Bandelier National Monument

I have been to many of the ancient sites of the Southwest but the unique way the Ancestral Puebloans lived here at Bandelier National Monument, makes this place one of my very favorites! The people here were living in not just cliff dwellings but also cave dwellings and they combined their building style with the existing canyon wall in a very ingenious way.

Bandelier National Monument is located about an hour outside of Santa Fe. Take Saint Francis Drive north toward Los Alamos.  Mid-May through Mid-October visitors are required to take a shuttle bus from the White Rock visitor center to access the main visited area of Bandelier National Monument. Trust me all this hassle is worth it!  I found Bandelier to be very peaceful and uncrowded.  The main loop trail is paved and takes about an hour and a half to wander through.

Here in the Frijoles Canyon the Ancestral Puebloans built in homes in the valley floor made of blocks of volcanic tuff.  Human presence in the area has been dated to over 10,000 years ago. The Ancestral Pueblo people lived here from approximately 1150 CE to 1550 CE. They Lived along an ancient trade root that spans through this area and goes further south into Mexico.

These cliffs are part of the Jemez Volcanic field, and the bubbly nature of the cooling lava is readily apparent with thousands of one- or two-person sized holes and crevices lining the stone walls.  The ancient builders took advantage of these holes and used the existing canyon wall to support the structures they built using tuff bricks. You can see how many stories tall they were by looking at the rows of vigas holes.Ponderosa pine trees made excellent vigas, these beams supported the roof. In well-known Long House, ceiling-beam fragments recovered from various rooms have been dated between 1383 and 1466.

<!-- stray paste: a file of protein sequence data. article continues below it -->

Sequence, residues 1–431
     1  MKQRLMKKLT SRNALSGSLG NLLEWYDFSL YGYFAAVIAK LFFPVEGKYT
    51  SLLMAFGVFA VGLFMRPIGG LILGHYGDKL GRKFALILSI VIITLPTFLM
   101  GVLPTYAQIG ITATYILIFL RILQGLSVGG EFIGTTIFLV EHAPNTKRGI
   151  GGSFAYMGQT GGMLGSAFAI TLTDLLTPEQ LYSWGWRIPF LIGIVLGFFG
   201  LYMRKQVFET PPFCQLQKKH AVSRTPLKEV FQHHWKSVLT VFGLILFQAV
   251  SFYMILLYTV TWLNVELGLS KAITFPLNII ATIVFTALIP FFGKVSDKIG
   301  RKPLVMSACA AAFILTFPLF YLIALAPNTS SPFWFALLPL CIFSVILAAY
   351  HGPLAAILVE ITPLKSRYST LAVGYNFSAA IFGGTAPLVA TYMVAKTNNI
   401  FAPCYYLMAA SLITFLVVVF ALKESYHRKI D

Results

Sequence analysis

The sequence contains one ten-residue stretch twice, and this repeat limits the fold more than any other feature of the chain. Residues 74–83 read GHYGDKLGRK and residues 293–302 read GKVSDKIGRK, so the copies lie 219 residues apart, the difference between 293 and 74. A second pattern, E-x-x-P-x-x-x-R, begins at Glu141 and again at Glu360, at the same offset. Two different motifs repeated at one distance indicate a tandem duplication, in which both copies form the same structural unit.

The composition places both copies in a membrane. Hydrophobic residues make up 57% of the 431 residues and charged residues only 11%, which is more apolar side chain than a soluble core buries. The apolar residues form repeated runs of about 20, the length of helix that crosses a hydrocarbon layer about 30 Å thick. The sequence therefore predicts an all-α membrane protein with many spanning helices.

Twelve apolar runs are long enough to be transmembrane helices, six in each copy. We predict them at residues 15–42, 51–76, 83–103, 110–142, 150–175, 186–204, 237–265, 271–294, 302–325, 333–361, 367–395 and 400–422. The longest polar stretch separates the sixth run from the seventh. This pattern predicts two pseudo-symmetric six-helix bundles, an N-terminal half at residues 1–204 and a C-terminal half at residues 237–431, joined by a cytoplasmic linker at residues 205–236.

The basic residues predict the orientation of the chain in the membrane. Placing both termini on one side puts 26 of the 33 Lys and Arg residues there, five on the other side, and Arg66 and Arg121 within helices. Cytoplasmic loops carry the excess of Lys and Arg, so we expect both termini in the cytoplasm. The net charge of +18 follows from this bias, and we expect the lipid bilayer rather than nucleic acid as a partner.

Cavates were carved using stone tools, the walls of the cavates were often plastered and the ceilings smoked to make them less crumbly. The interior walls were often decorated with painted or carved petroglyphs.

The way the Ancient People used the existing shape of the canyon wall and built and carved there home into the stone, is so fascinating to me. This is one of the rare sites that you can still climb into the ruins and get a real feel of what it must have been like to live here. 

Part way through the Main Loop Trail you can continue another mile round trip to Alcove House.  The trail follows a river wash and is an easy hike….. However in order to reach Alcove House you will need to climb 4 long wooden ladders and some stone stairs. Located 140 feet above the floor of Frijoles Canyon and formerly known as Ceremonial Cave this place is amazing! 

These ladders are closed in winter if there is snow and Ice so you might want to check at the visitor center. Otherwise just don’t look down and keep on climbing!! The view from the top is totally worth it!!

Once the home to approximately 25 Ancestral Puebloan people, you can see the cavates of former homes. Kivas are still used for spiritual ceremonies today; this kiva has been reconstructed and really gives you the feeling of just how sacred this place is. It’s hard to imaging climbing up and down these ladders every day, for ceremony or for the tasks of daily living. I’m left with a sense of amazement when I think about the people who lived here.